CIRCLEVILLE — Students at Circleville Middle School have written letters to active duty service members as part of Operation Letters To Active Military, a traveling mailbox that will be stationed outside the school now through Friday at 3 p.m.

Operation Letters to Active Military is a mailbox that holds letters that are distributed to military service members overseas through the United Service Organizations (USO) that delivers them. The mailbox is located outside the front entrance to the school and is open to anyone who wants to drop off a letter or picture. They do not need to be addressed or stamped since the USO provides stamps after the letters are screened.

Lisa Sims, a language arts teacher at Circleville Middle School, said they have advisory groups, where they work with students, and this month’s theme was caring.

“The seventh grade team decided on a project to reach out to the military to thank them for their service,” Sims told The Circleville Herald. “Especially with some of the events going on around the world and a lot of soldiers being deployed we’ve been talking a lot about that in our classes and our students have a lot of questions and concerns and are very interested.”

Sims said a lot of the students had questions about the draft and how it would impact their lives.

“We’ve had a lot of discussions around everything going on,” she added.

Sims remarked there were several educational and curriculum elements to the letters.

“We work on vocabulary and letter writing and this makes the curriculum more meaningful when the students get this involved and write and draw things they’re interested in,” Sims commented. “They get to put their own spin on this and make their own choices. It brings the curriculum to life really.”

Tesla Savage, a 13-year-old seventh grade student, drew “Baby Yoda” on her letter and included morse code in addition to her thoughts.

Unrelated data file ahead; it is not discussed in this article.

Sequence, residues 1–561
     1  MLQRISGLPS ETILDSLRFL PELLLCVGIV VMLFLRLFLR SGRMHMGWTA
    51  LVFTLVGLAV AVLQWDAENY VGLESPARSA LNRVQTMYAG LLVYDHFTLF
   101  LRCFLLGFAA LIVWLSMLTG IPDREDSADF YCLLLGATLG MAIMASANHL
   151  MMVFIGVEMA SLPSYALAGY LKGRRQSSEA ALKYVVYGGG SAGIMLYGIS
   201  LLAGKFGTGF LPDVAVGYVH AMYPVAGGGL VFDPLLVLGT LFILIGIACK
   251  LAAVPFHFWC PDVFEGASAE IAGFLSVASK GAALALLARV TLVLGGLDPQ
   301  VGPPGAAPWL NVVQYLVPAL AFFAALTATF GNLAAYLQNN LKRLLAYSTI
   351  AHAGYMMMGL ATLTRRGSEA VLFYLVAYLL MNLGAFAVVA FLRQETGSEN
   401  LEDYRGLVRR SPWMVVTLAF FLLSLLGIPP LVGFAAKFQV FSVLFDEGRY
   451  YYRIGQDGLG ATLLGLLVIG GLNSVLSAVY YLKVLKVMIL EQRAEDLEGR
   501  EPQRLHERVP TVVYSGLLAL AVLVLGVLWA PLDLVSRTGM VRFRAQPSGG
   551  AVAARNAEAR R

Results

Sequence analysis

“I wrote a lot and it’s basically just explaining how thankful I am for their service because it can be scary and you can lose a lot of your best friends out there,” Savage said.

Braydon Stevens, also a 13-year-old seventh grade student, drew an American flag and included a note along with it.

“I said that I hope they have a safe time home,” he commented.

Savage said she was excited and curious for the project.

“I’m curious what they’ll say back if they have the time to,” she added.

Savage and Stevens know people currently serving including Stevens’ uncle who is stationed in Texas, as do several staff members at the school.

“He’s been gone over a year and the only time I saw him was when we went to Texas on vacation,” Stevens said.

“I don’t really get to see them and I mentioned it in the letter too,” Savage said.

“It hits home for a lot of us,” Sims said. “There was a letter shared with me yesterday that a student included that they were interested in joining the military.”

Carla Schorr, organizer of Operation Letters To Active Military, said in total, Operation Letters has received about 8,000 in its nearly three years.

“It’s very overwhelming and heartwarming,” Schorr said of the letters. “When I started with this I thought maybe I’d get a handful of letters but it’s been an outpouring. The mailbox has been making its rounds. It’s heartwarming, especially now the crisis we’re in.”

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